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As a follow up to our meeting on January 8, 2015, we as members of the Association of Little Harbour Property Owners, would like to thank you for meeting with us, especially as it was on such short notice.

No to a Marina

Letters to the Editor

Dear Editor;

Please publish our open letter to the Southworth Company.

Dear Mr. Southworth,

As a follow up to our meeting on January 8, 2015, we as members of the Association of Little Harbour Property Owners, would like to thank you for meeting with us, especially as it was on such short notice.

While we appreciated your efforts to communicate Southworth’s future plans as you assume majority ownership and management of the Abaco Club, it was probably not too difficult to discern that many of the ALHPO members have major concerns about your plans to build a 44-slip marina and restaurant in Little Harbour.

In a nutshell we believe a 44-slip marina would dramatically alter the character of Little Harbour.  It is way out of proportion, considering the limited size of the village and the harbour. It will choke off boat space in what is the best naturally protected anchorage in South Abaco. The inevitable fuel and oil spills, as well as debris and other discharges (i.e. sewage) from 44 boats will seriously spoil the ecology of an already fragile marine environment.

On the land the parking facilities, the solar array, and generator station will turn a quaint, narrow thoroughfare that links up the village into a chaotic bottleneck.

If, as you stated at the meeting, you do truly “get” Little Harbour, you have to recognize that in order to fulfill the commercial interests of the current Abaco Club owners, as well as to attract new owners,  a 44-slip marina will sacrifice the uniqueness that has made Little Harbour a Bahamian landmark.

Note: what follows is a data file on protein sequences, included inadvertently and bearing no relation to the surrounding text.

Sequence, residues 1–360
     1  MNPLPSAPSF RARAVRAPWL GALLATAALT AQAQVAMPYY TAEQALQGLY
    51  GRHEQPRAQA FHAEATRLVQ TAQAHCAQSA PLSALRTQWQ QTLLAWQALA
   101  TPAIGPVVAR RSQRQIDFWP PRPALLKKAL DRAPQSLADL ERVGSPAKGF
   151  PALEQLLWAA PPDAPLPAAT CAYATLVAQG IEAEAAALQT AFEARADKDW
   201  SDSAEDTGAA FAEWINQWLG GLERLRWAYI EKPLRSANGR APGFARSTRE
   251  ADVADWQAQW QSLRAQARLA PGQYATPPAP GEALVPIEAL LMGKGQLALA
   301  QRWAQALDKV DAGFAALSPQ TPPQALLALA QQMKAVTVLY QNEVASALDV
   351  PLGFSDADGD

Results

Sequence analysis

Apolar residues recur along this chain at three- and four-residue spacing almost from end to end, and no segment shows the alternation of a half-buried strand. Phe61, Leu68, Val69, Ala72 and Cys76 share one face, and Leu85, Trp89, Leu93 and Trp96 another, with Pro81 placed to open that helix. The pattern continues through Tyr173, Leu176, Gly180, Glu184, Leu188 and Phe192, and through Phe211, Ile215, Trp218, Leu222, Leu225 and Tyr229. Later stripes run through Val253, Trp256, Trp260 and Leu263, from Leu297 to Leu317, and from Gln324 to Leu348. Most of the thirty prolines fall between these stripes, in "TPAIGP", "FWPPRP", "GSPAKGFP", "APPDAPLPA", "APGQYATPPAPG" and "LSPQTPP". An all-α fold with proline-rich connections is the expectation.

Considering the lengthy list of reasons Little Harbour is the wrong place for a marina, we call on you to consider other options where road, water, power and fuel facilities are already available, where there is a need for a restaurant or snack bar instead of adding one that is only a 200 yard walk to Pete’s Pub, and where there is a community that could use the economic benefits of a marina and would offer job opportunities to local residents who could walk to work.

With all of the above in mind, we want to conclude this letter by emphasizing that we would like to have good relations with Southworth, but we are not prepared to have the character and integrity of our community destroyed. Of course we know from our experience in trying to challenge the construction of the new BEC power station on the fringes of land that had previously been proposed as a national park, that if the government gives approval to a plan, no matter if it defies all logic and reason, it will happen.

However, we also cannot stand idly by and watch a community that we cherish, not to mention a community we have invested in, altered. Therefore, we call on you to reconsider your plans. We will be happy to work with you to find a suitable alternative but please understand that we believe that a 44-slip marina defies the most basic principles of environmental protection, town planning and land management. It is analogous to trying to ram an oversized square peg down a round hole. It simply will not fit.


Respectfully submitted,


Joe Kirwin, Elizabeth Ackerly, Lynn Allison, Richard Appaldo, Bob and Ali Ball, Dave Barton, John and Cheryl Bredin, Nathalie Brenac, Kenny Broad, Amy Clement, Edward Fessenden, Darlene Haines, Gayle Haines, Gary Hawman, Mary Leming, Jerry Lower, Allen and Cheryl Page, Clay and Jennifer Primrose

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I am an expatriate homeowner in Treasure Cay that reads your newspaper during the times spent here. I enjoy your incisive and spirited editorials on all things political and socio-economic in The Bahamas, and particularly Abaco. John Cash is a friend of some 25 years and suggested I contact you.

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